A Fairly Good Time With A Rutabaga

The Exclamation Point is a feature where I look at the moment a piece of culture made me go [!]. Today’s subject is A Fairly Good Time, a novel by Canadian writer, Mavis Gallant.

A carved rutabaga emoting what it feels like to be a rutabaga or to think about the existence of rutabagas i.e. abject horror

“The canals and rivers froze and there were no fresh vegetables in Paris. I saw a picture of a market stall in the morning paper and under the paper was written, “The dreaded rutabaga has again made its appearance . . .” When people talk to me about the Occupation of Paris they mention the dreaded rutabaga . . .”

–Mavis Gallant, A Fairly Good Time

The Boundary and the Price of Immortality

While I was working as a produce clerk, nothing we shelved puzzled me more than the rutabaga. (To me, the word sounded like an incantation that doesn’t quite cure warts or polyps.) Unlike green peppers, which wither if you look at them wrong, no amount of time ever affected the appearance of the rutabaga. Over the eight months I worked at the grocery, I’m not sure anybody ever restocked a rutabaga. Once or twice out of sheer anxiety, I asked a manager if these rutabagas were still good. If I interpreted the answer correctly, nobody on earth knew or cared.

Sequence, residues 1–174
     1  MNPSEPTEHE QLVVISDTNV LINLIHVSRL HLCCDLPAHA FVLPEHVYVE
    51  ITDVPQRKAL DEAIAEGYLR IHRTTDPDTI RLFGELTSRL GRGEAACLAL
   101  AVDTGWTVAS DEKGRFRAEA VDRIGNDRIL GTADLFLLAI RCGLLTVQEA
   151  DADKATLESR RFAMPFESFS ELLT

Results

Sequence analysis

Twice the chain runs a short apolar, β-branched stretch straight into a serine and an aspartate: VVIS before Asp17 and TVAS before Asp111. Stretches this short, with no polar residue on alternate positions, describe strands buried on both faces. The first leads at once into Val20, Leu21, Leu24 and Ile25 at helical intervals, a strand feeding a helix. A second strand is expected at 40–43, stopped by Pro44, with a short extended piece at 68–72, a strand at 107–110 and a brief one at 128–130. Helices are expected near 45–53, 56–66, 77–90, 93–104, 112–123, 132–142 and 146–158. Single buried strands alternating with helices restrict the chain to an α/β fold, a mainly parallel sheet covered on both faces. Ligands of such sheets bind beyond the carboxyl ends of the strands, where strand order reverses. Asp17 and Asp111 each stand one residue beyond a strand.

Sticking It Where It Doesn’t Belong: Your Mouth

Whenever I look at a rutabaga, I think of Pu Songling, author of the eighteenth-century collection, Strange Tales from a Chinese Studio. He wrote about a man who brought home a leather dildo, which was found by his wife. Not sure what to make of it, she boiled it for hours and served it at dinner. It proved more or less edible.

Last Christmas, my brother-in-law cooked us a rutabaga. I like vegetables a great deal, and if prepared properly I am hard pressed to name one I don’t like. I would classify the rutabaga as “more or less edible.”

Je ne Les Aime Pas, Sam-C’est Moi

Since you can eat a rutabaga and it cannot be bothered to rot, you can appreciate its utility in times of war and famine. However, now I think of once-gay Parisians under the boot of the Nazis staring at a cartload of rutabagas and wondering if it might not be better to starve to death.

Please do this too.

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